A few weeks ago on WJFF’s broadcast of “Alternative Radio,” I heard Paul Cienfuegos, a community organizer for over 30 years, deliver a speech he titled “We the People.”
He challenged activists to assess whether their tactics for change have been effective: “Is our activism to protect the safety of our drinking water actually producing safer drinking water… stopping the planting of GMO crops… ending our dependence on fossil fuels?” The answer, obviously, is a bleak no, and Cienfuegos pointed out that we continue to be “locked out of the rooms where pretty much every decision is made that affects all of our lives.”
Those rooms are often in buildings that house governmental agencies. In my early days of environmental activism, I naively believed that the Department of Environmental Protection really worked to protect the environment and that the Department of Environmental Conservation was committed to just that—conserving our environmental resources.
Since then, my experience and observations have confirmed that, in spite of their lofty-sounding names, regulatory agencies exist to advance industry agenda. Cienfuegos explains that they were formed during the late 1800s “to protect the interests of the nation’s first giant corporations, the railroads, that were under attack by an enormous populist social movement.” President Grover Cleveland’s attorney general told a railroad executive that the new railroad agency would function as “a sort of barrier between the railroad corporations and the people… something having a good sound but quite harmless, which will impress the popular mind with the idea that a great deal is being done when in reality very little is intended to be done.”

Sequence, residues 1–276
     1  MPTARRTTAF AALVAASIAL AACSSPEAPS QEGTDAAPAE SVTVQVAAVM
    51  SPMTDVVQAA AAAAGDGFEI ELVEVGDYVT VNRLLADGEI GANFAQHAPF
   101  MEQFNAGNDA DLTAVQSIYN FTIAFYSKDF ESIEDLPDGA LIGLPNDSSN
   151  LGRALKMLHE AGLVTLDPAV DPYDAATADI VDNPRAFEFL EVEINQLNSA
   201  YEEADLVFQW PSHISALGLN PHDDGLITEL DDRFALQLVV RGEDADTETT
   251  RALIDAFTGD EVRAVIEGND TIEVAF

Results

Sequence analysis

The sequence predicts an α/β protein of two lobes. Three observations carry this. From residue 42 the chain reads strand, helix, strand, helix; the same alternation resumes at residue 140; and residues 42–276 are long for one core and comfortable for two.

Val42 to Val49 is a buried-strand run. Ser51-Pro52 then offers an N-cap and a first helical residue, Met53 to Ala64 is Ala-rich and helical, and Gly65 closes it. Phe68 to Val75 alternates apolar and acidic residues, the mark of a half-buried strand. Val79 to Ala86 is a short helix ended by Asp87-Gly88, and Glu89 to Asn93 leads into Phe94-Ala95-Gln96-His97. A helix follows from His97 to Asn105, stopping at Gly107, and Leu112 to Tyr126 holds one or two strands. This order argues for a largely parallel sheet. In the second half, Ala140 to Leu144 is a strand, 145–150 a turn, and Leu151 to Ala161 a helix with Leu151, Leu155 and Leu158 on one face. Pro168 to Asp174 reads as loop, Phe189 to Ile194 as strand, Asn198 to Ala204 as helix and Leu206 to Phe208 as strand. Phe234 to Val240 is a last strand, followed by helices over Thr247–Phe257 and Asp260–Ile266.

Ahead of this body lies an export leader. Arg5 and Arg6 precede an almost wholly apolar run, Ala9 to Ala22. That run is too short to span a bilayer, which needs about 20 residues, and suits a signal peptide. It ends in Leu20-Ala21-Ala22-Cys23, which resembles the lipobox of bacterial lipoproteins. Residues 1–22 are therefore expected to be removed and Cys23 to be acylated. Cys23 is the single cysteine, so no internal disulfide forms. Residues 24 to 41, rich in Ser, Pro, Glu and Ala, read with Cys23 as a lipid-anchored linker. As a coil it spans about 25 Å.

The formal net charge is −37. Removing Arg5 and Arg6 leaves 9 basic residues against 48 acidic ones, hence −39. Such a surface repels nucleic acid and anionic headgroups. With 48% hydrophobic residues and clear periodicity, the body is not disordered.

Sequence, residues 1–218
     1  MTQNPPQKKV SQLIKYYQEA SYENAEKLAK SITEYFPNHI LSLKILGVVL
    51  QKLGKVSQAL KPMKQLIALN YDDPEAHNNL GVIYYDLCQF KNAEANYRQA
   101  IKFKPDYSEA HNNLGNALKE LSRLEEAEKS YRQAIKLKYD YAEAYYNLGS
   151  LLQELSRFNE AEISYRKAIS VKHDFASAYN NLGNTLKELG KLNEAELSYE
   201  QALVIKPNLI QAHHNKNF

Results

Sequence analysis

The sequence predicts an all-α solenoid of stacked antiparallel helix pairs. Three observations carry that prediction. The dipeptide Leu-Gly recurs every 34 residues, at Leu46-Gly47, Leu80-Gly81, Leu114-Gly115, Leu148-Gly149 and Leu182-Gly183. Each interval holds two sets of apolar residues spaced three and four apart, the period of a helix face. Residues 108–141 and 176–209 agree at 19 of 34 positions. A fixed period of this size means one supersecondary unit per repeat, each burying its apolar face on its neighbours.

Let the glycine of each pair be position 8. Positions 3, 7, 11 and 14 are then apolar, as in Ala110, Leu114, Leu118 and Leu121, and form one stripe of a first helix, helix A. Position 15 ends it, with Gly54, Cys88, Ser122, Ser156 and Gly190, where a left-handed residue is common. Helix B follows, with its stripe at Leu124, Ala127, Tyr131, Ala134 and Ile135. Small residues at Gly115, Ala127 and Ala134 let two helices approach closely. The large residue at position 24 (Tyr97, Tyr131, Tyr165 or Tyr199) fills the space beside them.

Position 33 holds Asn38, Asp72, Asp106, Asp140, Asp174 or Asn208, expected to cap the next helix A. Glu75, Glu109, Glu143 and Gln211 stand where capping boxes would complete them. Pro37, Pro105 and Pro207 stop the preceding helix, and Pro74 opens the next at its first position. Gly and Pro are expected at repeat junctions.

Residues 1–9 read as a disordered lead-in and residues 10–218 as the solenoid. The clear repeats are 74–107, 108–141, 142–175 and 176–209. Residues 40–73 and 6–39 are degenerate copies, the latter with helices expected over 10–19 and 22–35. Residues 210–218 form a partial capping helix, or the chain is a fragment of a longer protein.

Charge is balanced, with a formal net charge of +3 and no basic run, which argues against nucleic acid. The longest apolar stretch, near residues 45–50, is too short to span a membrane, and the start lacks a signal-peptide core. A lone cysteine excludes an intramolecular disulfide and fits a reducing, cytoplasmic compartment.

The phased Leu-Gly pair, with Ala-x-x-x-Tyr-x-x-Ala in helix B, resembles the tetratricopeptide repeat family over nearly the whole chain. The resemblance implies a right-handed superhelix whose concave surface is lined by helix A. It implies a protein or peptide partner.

Any community activist who has tried to navigate through the complicated labyrinth of regulatory agencies can attest to the fact that very little has changed.
Despite this reality, Cienfuegos offered inspiring examples of communities that have passed “historically ground-breaking local ordinances that give the people of those places… the right to decide and then to create the kind of community they want” to live in. Instead of fighting against what we don’t want in our communities and dealing with massive bureaucracies, only to be disappointed in the end, Cienfuegos suggests that we work to pass local laws that “guarantee the right to defend the safety of [our] drinking water… guarantee the right to keep [our] air and [our] soil free from poisons… the right to a sustainable future with sufficient renewable energy for all.” One hundred and twenty communities in six Northeastern states have succeeded in protecting their homes from factory farms, mining, logging, fossil fuel extraction, etc. He calls it “rights-based organizing regarding environmental issues.”
Such organizing is underway locally where citizens are successfully rewriting zoning laws and creating new political parties. These efforts may well be our best hope.
The transcript of Cienfuegos’ speech can be downloaded at alternativeradio.org for $3 or as an MP3 for $1.